Machista is now CLOSED
Machista Coffee Shop was very recently recommend to me by the owner of Tsuji Coffee in Kasaoka, so I decided to pay a small visit to this very well located café.
Café Un deux comme chez vous opens only 12 days a month and I still don’t understand why after going there twice in the same weekend. If you don’t speak French, Un deux comme chez vous means “One Two Like your Home” and the place is indeed very homey. The name might be as weird as the opening hours but after eating their cake, I could not care less.
When I decided to find Orizuru coffee with the help of my friend Brian, I was not too sure where to start. The owner of Blue Mountain Coffee Shop in Kasaoka had highly recommended me Orizuru, but he had simply told me it was near the big department store in front of Okayama station. Luckily, we spotted the shop right after lunch and it’s not the easiest place to find.
Neighbor Coffee Company and it’s minimalist website popped on my coffee radar about a year ago, but since I rarely go to Kojima, I never had a chance to pay a visit.
It was a very cold January day when I spotted Cafe Kona Queens on the nice Samcheong Dong street. I will be honest, I wish I would have never looked into this direction.
If you don’t speak French, l’Usine means factory in English and it’s a word to remember if you visit Ho Chi Minh.
I have to thank the owner of Tsuji coffee in Kasaoka for sending me to Blue Mountain Coffee Shop. This coffee paradise is so well hidden in the depth of Kasaoka that I would have probably never stumbled upon it without his precious help.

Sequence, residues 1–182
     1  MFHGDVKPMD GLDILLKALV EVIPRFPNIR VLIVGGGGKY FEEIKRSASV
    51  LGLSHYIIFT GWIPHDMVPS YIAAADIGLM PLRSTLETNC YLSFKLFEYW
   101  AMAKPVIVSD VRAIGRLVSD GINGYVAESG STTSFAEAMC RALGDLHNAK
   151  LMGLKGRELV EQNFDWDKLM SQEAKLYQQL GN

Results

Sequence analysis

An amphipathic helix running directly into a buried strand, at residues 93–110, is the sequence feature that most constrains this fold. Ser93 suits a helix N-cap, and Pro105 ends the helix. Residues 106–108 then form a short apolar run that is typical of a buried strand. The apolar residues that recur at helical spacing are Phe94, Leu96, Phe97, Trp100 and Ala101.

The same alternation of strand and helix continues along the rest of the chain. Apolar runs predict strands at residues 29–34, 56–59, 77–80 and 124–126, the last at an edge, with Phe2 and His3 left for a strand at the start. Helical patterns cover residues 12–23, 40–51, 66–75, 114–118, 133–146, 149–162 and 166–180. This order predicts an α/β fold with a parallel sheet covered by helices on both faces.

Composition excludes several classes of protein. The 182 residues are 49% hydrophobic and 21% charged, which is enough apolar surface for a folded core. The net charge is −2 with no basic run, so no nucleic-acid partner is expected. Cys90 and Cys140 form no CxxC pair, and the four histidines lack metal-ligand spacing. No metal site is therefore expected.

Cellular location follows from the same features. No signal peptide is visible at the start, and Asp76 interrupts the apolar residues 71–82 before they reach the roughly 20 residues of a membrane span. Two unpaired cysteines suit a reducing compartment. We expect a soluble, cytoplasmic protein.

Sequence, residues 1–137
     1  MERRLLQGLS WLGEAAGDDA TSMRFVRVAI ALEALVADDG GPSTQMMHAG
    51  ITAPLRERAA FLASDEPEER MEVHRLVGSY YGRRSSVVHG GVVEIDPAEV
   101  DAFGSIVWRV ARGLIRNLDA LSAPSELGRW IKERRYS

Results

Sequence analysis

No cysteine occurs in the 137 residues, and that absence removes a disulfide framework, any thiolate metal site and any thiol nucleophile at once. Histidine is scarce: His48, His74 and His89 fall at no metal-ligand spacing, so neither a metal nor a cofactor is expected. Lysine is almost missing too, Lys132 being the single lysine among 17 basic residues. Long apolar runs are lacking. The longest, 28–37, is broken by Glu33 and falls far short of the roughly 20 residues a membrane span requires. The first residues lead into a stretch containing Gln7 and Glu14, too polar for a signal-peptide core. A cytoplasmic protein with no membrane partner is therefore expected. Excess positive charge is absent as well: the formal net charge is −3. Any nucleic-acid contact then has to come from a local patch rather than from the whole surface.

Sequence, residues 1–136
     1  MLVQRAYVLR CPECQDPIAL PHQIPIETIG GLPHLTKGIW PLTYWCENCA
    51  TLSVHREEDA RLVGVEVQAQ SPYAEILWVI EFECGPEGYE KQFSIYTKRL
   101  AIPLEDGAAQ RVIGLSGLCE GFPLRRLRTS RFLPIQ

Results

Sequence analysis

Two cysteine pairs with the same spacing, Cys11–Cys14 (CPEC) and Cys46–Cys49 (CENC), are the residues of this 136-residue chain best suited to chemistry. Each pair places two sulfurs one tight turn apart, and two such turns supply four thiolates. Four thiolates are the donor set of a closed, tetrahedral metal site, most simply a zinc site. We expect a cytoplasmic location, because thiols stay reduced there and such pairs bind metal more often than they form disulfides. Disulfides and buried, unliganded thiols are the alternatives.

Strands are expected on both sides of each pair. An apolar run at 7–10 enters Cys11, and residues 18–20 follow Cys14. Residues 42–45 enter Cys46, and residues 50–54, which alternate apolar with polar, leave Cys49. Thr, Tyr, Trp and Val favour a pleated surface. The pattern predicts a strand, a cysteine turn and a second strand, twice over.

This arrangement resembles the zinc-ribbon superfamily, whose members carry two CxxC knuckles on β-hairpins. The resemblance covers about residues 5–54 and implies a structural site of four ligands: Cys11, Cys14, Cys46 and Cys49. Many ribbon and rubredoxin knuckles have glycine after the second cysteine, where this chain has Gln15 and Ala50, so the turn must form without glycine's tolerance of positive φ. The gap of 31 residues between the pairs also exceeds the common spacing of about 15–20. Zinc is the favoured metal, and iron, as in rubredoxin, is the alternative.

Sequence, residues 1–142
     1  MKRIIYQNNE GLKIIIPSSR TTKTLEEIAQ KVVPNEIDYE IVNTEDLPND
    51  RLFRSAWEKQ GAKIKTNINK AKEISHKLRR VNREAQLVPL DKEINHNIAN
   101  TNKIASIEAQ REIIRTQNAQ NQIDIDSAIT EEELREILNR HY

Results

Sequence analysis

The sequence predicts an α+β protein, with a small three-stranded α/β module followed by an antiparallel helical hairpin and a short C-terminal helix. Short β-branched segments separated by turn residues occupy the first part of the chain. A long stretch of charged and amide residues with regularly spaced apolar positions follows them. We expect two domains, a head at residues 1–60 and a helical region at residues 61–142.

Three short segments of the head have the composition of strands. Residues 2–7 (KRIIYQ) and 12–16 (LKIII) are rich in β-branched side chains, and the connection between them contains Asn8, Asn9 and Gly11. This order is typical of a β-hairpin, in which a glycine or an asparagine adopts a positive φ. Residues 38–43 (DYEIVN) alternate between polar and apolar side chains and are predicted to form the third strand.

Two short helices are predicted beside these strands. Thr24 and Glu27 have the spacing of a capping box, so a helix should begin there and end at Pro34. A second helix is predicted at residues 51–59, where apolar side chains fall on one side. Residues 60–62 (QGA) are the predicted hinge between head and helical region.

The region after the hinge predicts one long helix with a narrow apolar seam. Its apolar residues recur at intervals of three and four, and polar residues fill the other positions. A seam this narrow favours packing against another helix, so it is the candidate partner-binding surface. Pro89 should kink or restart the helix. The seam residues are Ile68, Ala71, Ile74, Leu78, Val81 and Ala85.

Vietnamese coffee in all its sweet glory has always been a favorite of mine and when I am in Vietnam you can rest assure that I indulge freely in this simple pleasure. Coffee is everywhere in this country and the king of coffee is undeniably Trung Nguyen Coffee.
When my wife suggested Nene Goose, I googled it and realized that I have driven about 10 times in front of Nene Goose Cafe without ever noticing it, I guess I was busy looking over at Lake Kojima and I just didn’t pay any attention.
Kasaoka is the place your drive through between Fukuyama and Kurashiki, but since I work there once a week, I decided to explore a little.
The city is split in two by route 2 and the rail road track and it has a nice access to the Inland Sea. I went for a walk in the old inland area one more time because I get a kick out of these old commercial streets. The shotengai in Kasaoka is really old, it could easily be the set of a pre-war movie.
I often have the impression that I am walking blind in Japan since I can swear that I have walked in front of 1518 Coffee Shop in Okayama City a couple of times without ever noticing it. Well… my wife apparently does not share my blindness and easily spotted 1518.
During my very short stay in Montréal, a lot of people mentioned this coffee shop located on Mackay street as the epicenter of good coffee and I ended up going twice, just to make sure they were right.